Corporate Tax Madness; Obama's Insistence on High Business Taxes Drives Away Opportunity

Article excerpt

Byline: Richard W. Rahn, SPECIAL TO THE WASHINGTON TIMES

The United States already has the highest corporate tax rate in the world, but the Obama administration is proposing to make the U.S. even less competitive internationally by reducing the corporate tax deferral on income made abroad. Most countries have a territorial system of taxation in which they only tax income made within their borders. The United States is one of the few countries that taxes individuals and companies on their worldwide income. Companies have been allowed, however, to defer taxes on income earned in other countries until it is brought back to the U.S.

Assume for the moment that you have invented an improved LED for lighting. The finished product is small and lightweight and can be shipped anywhere from almost anywhere without transportation costs being a major factor. You are trying to decide where to set up your company and have made a list of countries that have the necessary skills among their workforces. A major factor that will influence your decision is the corporate tax rate. The accompanying table lists the corporate tax rates for selected countries.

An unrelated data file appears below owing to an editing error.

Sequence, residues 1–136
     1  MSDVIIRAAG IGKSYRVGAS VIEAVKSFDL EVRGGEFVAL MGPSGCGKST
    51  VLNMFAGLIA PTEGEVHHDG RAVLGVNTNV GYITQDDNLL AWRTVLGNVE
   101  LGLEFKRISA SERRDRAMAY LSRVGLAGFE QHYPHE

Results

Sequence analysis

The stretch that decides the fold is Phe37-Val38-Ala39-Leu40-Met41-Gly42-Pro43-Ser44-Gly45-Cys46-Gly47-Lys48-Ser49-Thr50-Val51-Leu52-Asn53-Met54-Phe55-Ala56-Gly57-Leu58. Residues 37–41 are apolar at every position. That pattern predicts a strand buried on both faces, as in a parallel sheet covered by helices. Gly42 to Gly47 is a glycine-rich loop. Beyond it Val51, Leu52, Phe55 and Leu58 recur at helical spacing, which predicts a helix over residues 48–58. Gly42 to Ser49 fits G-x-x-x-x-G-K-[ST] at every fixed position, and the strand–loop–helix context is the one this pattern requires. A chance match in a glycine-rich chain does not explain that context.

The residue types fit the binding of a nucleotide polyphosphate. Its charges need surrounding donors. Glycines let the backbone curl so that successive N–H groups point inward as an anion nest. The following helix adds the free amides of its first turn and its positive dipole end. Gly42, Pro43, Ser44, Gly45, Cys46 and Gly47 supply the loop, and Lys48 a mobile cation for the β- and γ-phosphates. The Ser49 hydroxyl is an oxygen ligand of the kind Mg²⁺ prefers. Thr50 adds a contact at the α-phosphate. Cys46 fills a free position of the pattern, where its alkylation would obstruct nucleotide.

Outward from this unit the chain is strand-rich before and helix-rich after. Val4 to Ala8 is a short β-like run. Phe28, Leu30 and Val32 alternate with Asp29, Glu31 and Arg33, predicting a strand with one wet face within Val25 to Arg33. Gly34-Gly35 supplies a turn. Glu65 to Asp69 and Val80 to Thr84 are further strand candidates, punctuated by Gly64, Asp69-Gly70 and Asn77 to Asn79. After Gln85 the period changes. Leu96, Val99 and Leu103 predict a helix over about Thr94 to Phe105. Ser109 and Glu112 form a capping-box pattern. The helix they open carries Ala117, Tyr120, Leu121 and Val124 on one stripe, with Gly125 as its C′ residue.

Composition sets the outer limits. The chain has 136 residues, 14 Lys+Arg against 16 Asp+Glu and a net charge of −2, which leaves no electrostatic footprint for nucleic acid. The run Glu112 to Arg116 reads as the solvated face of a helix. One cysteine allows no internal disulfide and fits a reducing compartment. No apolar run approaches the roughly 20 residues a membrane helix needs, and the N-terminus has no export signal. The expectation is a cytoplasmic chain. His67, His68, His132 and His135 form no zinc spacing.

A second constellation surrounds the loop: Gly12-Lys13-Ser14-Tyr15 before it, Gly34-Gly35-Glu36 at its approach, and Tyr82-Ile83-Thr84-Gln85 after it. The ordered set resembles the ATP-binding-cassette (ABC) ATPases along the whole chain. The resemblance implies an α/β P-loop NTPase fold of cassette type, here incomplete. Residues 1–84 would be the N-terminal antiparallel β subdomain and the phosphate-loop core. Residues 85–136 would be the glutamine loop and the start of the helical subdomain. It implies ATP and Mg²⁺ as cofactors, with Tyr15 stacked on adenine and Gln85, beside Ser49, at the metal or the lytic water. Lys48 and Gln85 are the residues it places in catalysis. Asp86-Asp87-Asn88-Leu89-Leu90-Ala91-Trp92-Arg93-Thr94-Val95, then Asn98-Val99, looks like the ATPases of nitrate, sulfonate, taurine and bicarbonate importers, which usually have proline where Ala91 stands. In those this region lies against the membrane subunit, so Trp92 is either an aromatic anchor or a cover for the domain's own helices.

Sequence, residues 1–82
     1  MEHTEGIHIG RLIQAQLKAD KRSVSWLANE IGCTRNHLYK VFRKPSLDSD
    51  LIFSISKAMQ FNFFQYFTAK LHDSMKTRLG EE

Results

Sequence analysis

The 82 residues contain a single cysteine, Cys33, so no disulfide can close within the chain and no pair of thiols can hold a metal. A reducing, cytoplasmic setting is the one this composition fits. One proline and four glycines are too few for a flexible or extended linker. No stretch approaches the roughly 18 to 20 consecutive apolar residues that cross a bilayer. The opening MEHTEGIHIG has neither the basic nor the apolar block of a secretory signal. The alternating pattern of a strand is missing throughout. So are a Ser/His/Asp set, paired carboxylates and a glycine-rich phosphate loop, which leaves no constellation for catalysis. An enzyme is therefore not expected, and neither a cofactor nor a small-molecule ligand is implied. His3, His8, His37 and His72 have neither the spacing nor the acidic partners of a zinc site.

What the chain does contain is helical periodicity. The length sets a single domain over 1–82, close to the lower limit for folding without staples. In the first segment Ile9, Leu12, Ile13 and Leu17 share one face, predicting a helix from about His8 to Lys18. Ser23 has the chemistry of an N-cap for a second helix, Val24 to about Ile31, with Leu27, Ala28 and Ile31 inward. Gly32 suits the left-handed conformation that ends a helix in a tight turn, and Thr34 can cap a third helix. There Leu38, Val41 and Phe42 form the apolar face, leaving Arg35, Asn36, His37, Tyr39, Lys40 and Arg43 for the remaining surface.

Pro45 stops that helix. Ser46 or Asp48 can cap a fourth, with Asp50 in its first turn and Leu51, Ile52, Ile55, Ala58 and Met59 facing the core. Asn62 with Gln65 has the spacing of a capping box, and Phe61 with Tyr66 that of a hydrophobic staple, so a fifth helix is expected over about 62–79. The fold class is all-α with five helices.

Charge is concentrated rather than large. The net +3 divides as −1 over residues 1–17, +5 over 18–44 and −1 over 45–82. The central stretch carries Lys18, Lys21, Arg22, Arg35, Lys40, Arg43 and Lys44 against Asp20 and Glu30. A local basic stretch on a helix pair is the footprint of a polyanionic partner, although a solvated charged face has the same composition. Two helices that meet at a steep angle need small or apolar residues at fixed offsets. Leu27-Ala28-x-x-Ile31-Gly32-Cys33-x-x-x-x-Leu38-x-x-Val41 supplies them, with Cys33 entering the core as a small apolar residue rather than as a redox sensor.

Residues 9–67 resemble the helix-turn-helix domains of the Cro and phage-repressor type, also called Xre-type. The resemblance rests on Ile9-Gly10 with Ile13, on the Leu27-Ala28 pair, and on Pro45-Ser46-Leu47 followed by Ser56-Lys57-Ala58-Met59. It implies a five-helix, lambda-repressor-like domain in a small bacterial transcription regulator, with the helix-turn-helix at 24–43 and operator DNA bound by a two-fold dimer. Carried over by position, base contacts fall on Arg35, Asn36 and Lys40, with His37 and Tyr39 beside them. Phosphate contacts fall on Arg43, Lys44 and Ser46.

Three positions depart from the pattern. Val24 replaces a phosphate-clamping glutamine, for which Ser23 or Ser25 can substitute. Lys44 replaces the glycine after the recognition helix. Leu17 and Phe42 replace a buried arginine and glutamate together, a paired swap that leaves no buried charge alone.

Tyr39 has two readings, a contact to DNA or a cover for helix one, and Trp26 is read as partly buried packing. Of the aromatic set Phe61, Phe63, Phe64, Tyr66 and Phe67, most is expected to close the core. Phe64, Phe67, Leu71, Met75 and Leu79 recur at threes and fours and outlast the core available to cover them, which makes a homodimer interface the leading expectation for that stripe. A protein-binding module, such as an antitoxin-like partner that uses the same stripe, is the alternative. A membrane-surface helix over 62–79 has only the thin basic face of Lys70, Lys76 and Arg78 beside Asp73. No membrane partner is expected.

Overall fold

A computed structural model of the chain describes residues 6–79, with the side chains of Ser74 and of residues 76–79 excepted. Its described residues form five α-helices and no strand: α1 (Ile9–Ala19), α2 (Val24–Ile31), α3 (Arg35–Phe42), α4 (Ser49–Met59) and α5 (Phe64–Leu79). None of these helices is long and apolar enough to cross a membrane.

Would you select the United States, knowing it has the highest corporate tax rate in the world, is fiscally unstable in that debt is growing far faster than national income, and future taxes are likely to be higher, particularly if President Obama is re-elected? (Note: the tax rates shown are the average for each country. The United States, for example, has a federal corporate tax rate of 35 percent, while state and local corporate income tax rates range from zero to 12 percent, giving a national average of about 40 percent for federal, state and local corporate income taxes.)

Advocates of higher corporate tax rates usually claim it will produce more tax revenue, but many good economic studies question that assumption.

Canada provides a very interesting example. Its experience supports those who think a government can reduce corporate tax rates without reducing tax revenue, up to a point, and that an increase in corporate tax rate would be likely to lose revenue. Canada has been reducing its federal corporate tax rate from almost 30 percent in 1999 to just 15 percent this year. The individual Canadian provinces also tax corporate income, giving Canada a combined average rate of about 28 percent. Rather than falling, corporate tax revenues rose after the rate cut and, more telling, resulted in an increase in federal corporate tax revenues as a percentage of gross domestic product (GDP). …